FOXBOROUGH, Mass. -- One of the lasting images from the 2012 AFC Championship Game is Patriots cornerback Sterling Moore dislodging the football from the arms of former Ravens wide receiver Lee Evans, who had corralled a Joe Flacco pass that would have vaulted Baltimore ahead of New England on the game's final drive.
That play made Moore a popular figure in New England, but the second-year cornerback says he quickly moved on from the play.
"Not much, I kind of moved on from it," he said when asked how often he replays the moment in his mind. "I probably took a couple days after the game, but once the offseason came it was kind of on to the next season."
Despite his own insistence to move on from the play, Moore says others - friends and family alike - still brought the play up.
"Quite a bit in the offseason, but I just tried to shrug it off and not draw attention to it," he said.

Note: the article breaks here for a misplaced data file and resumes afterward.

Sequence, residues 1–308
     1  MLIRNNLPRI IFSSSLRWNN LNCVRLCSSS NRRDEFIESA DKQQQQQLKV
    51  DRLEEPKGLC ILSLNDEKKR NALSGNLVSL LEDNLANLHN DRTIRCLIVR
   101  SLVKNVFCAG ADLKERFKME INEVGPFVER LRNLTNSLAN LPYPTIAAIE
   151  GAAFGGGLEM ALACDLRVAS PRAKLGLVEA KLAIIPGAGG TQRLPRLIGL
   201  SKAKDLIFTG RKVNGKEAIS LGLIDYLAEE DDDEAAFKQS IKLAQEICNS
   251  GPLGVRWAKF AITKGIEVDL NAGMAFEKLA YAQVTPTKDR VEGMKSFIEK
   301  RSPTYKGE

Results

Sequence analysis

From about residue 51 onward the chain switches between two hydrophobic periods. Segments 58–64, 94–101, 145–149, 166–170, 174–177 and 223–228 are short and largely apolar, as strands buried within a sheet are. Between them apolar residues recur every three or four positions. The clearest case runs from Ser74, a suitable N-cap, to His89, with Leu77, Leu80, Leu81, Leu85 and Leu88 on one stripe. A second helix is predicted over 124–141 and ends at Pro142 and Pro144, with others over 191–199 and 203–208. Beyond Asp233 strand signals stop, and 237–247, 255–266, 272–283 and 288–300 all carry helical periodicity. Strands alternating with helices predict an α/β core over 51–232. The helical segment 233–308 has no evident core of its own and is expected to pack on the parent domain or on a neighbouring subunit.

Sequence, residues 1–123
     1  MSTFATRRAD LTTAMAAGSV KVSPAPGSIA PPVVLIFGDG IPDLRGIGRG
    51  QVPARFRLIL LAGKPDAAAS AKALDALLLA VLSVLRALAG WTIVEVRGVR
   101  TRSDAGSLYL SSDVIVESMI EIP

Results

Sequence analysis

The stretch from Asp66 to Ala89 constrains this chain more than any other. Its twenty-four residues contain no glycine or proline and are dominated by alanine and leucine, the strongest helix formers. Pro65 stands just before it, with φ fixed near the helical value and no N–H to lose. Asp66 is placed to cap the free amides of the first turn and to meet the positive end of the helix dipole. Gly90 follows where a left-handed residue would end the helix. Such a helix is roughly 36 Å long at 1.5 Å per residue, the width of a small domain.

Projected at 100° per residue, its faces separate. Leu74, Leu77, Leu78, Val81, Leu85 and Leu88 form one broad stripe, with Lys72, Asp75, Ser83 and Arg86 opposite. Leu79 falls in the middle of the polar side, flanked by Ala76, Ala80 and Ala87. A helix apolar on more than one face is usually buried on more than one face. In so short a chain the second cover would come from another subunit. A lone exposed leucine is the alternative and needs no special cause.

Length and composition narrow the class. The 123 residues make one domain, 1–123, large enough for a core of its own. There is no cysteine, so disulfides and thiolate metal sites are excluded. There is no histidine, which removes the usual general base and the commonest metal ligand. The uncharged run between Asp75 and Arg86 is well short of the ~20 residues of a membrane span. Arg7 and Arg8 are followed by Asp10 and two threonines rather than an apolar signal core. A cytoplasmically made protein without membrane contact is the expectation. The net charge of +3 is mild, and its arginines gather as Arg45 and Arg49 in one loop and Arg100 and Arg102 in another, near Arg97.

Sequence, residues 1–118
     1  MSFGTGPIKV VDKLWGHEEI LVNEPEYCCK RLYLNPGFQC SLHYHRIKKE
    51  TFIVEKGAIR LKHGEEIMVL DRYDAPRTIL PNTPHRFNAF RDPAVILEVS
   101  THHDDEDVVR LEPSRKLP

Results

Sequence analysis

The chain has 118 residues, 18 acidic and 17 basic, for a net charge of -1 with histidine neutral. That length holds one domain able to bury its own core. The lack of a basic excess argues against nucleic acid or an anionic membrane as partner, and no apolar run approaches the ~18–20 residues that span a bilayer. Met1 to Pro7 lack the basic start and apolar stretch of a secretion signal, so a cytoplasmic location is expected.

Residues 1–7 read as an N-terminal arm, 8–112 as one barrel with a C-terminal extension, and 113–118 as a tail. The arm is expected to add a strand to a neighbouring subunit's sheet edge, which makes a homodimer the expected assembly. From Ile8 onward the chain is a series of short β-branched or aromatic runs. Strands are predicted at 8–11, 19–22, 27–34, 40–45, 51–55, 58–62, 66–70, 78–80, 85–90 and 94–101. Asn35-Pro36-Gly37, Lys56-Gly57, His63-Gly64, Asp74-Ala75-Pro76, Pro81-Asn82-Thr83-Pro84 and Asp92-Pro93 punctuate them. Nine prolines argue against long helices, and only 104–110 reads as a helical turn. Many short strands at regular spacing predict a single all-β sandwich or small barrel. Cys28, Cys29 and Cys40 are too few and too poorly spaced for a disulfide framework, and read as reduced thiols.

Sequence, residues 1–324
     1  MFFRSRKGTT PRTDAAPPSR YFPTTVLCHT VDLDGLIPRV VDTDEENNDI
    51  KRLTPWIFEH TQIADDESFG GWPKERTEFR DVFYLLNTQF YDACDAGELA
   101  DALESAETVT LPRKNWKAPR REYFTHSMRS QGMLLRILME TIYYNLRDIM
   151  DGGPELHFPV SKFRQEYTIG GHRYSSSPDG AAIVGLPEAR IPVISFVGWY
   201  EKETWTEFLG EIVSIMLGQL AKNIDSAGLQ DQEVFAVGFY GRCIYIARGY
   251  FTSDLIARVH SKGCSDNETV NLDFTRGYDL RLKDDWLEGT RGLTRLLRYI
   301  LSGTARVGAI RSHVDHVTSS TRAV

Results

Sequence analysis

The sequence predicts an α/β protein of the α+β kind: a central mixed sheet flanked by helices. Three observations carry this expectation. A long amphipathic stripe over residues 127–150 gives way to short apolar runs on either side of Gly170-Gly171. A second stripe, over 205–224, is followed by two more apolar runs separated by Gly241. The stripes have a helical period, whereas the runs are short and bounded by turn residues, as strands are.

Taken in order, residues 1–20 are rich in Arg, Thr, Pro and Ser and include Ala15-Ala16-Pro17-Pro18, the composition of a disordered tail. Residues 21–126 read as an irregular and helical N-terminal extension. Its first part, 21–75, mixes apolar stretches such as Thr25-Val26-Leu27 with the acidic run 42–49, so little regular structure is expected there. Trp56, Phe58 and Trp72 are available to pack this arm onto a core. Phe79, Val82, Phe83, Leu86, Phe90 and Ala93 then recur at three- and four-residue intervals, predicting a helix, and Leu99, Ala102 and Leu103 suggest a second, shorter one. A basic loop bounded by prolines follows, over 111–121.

During the offseason, and once again this week, the play was a popular image on television networks, making it almost impossible to avoid. Despite the fact that the play is considered a career highlight for Moore to date, he says he's actually turned to changing the channel when the replay comes on.
"I've seen it quite a bit, but most times I try to change the channel every time it comes on," Moore said.
"It kind of reminds me how close I was to losing the game," he told reporters on Friday.
Moore is expected to play in a nickel role this Sunday, a task he assumed in Week 2 after playing a limited role in the team's season opener. At this time last season, Moore was a member of the Raiders practice squad, who eventually released him before he joined the Patriots.
With a full offseason and training camp under his belt, Moore says he now feels far more comfortable on the field with the Patriots.
"A lot more comfortable," he said. "It's night and day for me, cause I came in, didn't know the techniques they wanted me to play, didn't really know the defensive schemes, I was just kind of thrown out there. This year I know who I'm out there with, I know where they're going to be, and I know the scheme. It helps slow the game down for me."